Study abroad project allows prefectures to select students

The Yomiuri Shimbun

The Education, Culture, Sports, Science and Technology Ministry is aiming to dispatch 5,000 high school and university students overseas over five years starting in fiscal 2023 under a project to encourage students to study abroad with privately funded scholarships.

The ministry recently compiled the details of the project, titled “Tobitate! (Leap for Tomorrow) Study Abroad Initiative,” for fiscal 2023. In an effort to send more high school students overseas, an executive office will be formed in prefectures so that a structure under which local governments select students can be put into place.

The ministry plans to invite local governments to participate in the project along with selecting 12 prefectures.

The Tobitate project started in fiscal 2013, and a total of 9,471 students had been selected to participate by fiscal 2022. In the past, many applicants came from urban areas, but in order to recruit young people from across the country with a wide range of backgrounds, the ministry decided to create a system where local communities take the lead in promoting the project.

Under the plan, Tobitate councils comprising municipalities, high schools and companies will be formed in participating prefectures to select high school students under their own selection methods. An executive office will also be set up in the prefectures.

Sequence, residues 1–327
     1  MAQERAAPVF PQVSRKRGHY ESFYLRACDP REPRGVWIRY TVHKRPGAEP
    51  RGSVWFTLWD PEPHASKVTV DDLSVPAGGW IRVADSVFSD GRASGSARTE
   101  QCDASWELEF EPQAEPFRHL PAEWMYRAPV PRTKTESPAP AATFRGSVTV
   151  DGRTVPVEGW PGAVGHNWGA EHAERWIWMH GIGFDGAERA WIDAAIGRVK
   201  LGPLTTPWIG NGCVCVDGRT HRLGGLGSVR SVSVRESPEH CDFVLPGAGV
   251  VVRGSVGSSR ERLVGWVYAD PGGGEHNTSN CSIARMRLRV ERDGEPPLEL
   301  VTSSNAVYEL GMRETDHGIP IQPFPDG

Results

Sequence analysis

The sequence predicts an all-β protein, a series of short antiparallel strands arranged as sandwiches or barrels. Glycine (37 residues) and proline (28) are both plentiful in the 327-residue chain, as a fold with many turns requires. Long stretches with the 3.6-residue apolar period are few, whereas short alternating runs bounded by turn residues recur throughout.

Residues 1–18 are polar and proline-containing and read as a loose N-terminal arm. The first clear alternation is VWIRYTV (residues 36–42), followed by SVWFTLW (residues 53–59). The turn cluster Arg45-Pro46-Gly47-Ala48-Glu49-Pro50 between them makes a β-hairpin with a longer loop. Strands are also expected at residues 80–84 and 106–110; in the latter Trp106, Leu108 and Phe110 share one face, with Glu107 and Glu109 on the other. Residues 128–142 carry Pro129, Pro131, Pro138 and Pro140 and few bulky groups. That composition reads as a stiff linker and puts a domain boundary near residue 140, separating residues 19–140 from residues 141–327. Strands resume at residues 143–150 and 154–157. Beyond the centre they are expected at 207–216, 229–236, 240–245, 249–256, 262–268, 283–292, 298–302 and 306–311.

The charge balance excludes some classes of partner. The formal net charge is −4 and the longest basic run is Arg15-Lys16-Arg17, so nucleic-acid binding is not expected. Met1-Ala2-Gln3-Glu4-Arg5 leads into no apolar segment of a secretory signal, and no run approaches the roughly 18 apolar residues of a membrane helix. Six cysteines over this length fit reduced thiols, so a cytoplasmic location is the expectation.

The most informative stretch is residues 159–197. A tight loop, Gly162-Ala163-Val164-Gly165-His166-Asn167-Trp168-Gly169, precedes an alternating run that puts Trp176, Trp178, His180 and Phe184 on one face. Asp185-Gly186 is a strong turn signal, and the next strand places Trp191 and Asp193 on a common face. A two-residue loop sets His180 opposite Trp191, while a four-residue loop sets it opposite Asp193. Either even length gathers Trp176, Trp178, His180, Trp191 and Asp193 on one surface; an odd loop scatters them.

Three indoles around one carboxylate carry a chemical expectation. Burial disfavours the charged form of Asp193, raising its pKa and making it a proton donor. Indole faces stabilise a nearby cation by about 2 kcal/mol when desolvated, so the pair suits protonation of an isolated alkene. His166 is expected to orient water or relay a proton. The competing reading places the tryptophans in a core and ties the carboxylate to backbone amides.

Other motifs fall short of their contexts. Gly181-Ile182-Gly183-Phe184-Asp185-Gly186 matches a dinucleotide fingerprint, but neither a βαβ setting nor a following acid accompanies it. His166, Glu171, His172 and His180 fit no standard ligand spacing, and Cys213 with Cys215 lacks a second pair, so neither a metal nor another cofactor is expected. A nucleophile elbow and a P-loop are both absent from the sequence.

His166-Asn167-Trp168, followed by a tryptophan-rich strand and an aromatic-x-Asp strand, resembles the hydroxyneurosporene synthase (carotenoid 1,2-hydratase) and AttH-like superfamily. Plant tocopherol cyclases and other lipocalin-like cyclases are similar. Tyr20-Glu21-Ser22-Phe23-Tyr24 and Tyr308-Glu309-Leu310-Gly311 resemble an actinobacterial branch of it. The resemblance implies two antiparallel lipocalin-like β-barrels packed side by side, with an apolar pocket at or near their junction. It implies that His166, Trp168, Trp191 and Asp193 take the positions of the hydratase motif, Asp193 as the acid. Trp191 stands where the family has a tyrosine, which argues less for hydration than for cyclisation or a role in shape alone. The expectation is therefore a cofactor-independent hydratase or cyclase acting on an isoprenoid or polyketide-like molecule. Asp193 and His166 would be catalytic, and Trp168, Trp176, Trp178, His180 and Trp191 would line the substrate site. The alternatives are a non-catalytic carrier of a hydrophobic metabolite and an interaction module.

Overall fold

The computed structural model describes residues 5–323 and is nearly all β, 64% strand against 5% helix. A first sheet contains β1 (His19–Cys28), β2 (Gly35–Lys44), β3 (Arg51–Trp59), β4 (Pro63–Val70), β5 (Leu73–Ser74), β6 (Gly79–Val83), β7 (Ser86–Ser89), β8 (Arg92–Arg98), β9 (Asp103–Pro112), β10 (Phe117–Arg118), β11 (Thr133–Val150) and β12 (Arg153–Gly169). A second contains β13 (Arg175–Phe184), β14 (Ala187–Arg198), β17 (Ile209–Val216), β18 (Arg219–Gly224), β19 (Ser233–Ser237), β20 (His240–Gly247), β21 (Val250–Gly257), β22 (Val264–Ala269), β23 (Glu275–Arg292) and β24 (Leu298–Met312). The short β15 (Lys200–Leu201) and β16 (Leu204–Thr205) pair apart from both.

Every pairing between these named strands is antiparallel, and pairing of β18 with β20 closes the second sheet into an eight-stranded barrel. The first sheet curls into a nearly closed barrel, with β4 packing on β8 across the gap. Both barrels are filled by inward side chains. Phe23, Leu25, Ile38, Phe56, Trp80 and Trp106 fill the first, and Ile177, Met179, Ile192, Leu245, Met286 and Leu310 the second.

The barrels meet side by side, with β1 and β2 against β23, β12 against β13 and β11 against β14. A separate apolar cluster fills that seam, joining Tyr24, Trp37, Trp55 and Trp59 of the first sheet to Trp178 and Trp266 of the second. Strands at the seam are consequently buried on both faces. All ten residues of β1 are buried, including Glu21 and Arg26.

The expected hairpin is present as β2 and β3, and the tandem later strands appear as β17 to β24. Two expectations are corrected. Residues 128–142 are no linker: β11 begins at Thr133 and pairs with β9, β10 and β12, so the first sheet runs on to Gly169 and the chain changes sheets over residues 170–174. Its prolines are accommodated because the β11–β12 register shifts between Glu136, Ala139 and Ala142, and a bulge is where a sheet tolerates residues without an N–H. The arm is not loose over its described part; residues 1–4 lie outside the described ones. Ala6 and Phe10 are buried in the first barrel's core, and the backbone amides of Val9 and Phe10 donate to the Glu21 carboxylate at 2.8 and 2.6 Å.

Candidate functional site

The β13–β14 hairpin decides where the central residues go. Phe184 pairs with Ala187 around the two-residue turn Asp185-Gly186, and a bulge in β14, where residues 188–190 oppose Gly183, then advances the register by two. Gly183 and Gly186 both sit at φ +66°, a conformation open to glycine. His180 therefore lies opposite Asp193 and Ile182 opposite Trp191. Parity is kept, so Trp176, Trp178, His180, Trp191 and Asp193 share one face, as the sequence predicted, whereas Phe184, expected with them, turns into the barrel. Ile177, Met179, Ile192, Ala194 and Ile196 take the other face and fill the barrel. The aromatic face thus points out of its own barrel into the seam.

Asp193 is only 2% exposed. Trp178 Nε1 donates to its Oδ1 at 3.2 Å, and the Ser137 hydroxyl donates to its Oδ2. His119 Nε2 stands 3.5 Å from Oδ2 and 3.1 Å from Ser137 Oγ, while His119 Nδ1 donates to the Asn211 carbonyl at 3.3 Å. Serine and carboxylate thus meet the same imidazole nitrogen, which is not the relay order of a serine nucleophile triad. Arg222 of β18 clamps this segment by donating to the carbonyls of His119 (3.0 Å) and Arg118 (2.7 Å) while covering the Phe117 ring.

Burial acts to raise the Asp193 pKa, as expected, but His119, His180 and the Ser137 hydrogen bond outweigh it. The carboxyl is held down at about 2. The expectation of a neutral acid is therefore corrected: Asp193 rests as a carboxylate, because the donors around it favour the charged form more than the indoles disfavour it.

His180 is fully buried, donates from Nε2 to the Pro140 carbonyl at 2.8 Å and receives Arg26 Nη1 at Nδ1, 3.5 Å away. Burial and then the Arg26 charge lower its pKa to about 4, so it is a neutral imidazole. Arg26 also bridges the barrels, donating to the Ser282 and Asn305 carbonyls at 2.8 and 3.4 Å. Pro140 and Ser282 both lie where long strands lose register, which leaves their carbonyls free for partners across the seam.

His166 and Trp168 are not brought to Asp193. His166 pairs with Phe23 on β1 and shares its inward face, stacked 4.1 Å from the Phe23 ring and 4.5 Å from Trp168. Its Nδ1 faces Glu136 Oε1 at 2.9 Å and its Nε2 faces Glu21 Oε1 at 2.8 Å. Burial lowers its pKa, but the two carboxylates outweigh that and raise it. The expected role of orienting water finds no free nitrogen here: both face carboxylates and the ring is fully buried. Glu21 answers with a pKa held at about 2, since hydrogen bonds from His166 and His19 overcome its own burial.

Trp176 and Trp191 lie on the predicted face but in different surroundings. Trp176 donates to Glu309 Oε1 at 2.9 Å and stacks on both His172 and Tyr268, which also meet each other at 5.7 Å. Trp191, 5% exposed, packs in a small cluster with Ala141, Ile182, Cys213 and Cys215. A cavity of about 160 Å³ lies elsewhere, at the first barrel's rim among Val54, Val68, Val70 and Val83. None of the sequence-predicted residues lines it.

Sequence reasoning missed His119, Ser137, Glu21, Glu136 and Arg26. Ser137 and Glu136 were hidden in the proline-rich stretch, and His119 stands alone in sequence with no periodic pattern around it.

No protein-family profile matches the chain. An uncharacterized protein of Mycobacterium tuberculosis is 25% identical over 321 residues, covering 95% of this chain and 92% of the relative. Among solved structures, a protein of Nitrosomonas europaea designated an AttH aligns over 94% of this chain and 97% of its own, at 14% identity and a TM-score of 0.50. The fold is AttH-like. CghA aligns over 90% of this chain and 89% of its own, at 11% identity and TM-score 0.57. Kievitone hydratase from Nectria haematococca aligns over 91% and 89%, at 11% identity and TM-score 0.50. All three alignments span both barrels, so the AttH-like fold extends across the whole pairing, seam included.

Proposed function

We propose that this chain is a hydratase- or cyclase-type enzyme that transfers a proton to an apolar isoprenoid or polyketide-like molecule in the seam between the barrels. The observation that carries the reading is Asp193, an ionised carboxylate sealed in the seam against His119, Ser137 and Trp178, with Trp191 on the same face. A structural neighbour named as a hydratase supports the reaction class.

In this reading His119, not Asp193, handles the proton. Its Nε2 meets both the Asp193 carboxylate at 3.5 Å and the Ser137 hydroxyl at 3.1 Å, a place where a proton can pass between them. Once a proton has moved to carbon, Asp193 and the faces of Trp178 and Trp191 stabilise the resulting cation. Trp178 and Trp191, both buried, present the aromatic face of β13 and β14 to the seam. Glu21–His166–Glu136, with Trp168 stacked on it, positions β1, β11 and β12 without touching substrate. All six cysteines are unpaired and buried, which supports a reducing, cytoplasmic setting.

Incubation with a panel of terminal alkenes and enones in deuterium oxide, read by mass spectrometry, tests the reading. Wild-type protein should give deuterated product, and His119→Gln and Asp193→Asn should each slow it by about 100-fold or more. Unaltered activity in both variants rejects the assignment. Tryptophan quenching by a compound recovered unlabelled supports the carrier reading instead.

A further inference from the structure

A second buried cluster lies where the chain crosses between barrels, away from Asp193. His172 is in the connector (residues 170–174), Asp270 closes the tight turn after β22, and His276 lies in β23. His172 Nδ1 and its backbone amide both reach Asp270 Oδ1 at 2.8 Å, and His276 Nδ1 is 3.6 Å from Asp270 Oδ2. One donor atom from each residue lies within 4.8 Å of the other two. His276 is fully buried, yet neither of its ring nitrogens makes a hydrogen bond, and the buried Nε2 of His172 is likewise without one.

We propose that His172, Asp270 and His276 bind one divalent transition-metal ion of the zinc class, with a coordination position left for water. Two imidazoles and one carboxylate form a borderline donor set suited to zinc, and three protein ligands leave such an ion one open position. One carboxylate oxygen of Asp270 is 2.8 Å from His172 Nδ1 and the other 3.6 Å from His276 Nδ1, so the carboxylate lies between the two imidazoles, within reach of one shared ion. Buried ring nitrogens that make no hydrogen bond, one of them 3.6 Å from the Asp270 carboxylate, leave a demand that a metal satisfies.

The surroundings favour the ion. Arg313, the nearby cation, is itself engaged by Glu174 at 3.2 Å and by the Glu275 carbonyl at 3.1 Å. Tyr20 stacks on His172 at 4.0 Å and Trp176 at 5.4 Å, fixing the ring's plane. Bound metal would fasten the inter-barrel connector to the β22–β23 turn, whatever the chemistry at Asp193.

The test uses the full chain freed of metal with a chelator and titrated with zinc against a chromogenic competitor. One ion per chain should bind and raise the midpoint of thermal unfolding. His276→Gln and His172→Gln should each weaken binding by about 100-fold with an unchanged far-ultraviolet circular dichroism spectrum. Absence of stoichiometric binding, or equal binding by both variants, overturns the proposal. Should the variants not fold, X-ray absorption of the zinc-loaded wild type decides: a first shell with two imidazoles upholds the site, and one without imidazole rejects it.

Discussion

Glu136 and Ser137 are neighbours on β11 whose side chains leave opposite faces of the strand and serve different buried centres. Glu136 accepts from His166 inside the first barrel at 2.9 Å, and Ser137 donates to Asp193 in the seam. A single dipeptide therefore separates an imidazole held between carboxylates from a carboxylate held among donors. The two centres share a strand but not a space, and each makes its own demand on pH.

Participating prefectures will be subsidized for operating expenses and staffed with advisers to carry out the project. The number of students studying abroad per prefecture is expected to total about 100 over a three-year period.

The number of high school students studying abroad in 2017 was 46,869, less than half the number of college students, who exceeded 100,000 in the same year.

“We want more young people to gain a global sense through studying abroad,” a ministry official in charge said. “We want more young people to study abroad through the Tobitate project.”